Adam Langer’s The Salinger Contract explores the challenges, pitfalls and perils of making a living as a novelist. It’s a highly entertaining story, wildly implausible and yet completely addicting for the inventiveness, humor and lively prose style. Adam Langer is not only the author’s name but also the narrator’s name, in a quirky nod to those aforementioned challenges.
Narrator Adam is a stay-at-home dad in Bloomington, Indiana, and former editor of a New York City literary magazine for which he interviewed famous authors. One of those authors was Connor Joyce, who reappears in Adam’s life at a Bloomington going-out-of-business Borders bookstore, where Connor is giving a reading of his new thriller. When Adam’s toddler Beatrice sees a photo of Connor, she’s frightened. Adam looks back on the moment and thinks it was a sign he should have heeded.
That’s because Adam becomes Connor’s confidante in a bizarre quagmire that involves writing a novel for a mysterious book collector, Dex Dunford. The wealthy Dex, guarded by a gun-toting Eastern European bodyguard, makes an offer Connor, on the down-swell of his best-selling career, can’t refuse. It’s the answer to his financial worries, worth millions, but the requirements of the agreement bond Connor to the nefarious book collector and his menacing henchman in ways that threaten Connor’s life and risk his marriage.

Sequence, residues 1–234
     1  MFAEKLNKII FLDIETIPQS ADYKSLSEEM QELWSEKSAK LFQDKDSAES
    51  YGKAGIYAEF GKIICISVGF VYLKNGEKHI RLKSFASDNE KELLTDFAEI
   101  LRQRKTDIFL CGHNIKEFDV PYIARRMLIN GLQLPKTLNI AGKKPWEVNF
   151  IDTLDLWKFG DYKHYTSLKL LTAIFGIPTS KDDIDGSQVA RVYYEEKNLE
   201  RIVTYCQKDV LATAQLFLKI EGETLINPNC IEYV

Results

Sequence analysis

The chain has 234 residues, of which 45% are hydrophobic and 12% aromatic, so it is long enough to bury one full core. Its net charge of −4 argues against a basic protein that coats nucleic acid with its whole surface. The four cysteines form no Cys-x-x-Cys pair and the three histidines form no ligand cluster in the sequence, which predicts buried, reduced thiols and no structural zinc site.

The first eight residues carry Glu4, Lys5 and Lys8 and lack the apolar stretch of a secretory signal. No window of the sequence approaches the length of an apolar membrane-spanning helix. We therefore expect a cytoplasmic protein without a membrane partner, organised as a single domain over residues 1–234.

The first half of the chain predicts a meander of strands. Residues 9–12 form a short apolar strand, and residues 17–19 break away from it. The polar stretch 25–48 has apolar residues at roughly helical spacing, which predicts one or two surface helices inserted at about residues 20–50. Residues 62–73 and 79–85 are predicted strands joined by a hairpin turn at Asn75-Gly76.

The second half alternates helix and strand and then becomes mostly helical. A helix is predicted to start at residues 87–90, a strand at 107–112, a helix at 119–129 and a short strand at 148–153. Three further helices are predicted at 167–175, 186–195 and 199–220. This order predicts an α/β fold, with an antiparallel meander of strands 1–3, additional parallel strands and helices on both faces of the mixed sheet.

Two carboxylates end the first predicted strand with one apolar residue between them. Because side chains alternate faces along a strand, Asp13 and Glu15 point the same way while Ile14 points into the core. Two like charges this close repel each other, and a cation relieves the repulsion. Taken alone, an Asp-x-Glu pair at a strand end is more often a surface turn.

At the root of the agreement is the stipulation that no one can ever know about the unpublished book that will reside in Dex’s private library. And in good company, I might add. Dex’s collection includes original, unpublished manuscripts by Thomas Pynchon, J. D. Salinger, Norman Mailer and Harper Lee.
The Salinger Contract is a send-up of the business of books — writing, publishing and collecting — grabbing us with the intrigue of a crime I can’t reveal because that would ruin the book’s cleverness. And the power of the story, its winning element, is that very cleverness. There’s never a dull moment, and book lovers will relish the plot twist of a book written solely for one reader. Adam considers: “Maybe the idea of trying to write for the masses was foolish and egotistical; maybe all that mattered was communing with one other human being.”
Adam is an inviting narrator. Connor is a colorful protagonist. But Dex wins the trophy for unusual provocateur. He’s sophisticated and yet creepy, in a Big Brother sort of way.
As Adam hears more and more about Connor’s story, things don’t add up and doubt sets in. Adam also begins to resent how Connor involves him — having to constantly hear about the high-stakes adventure — and yet, in the end, we come to learn there’s good reason for it. The story wraps up with the same entertaining surprise, energy and humor that make this book a blast to read.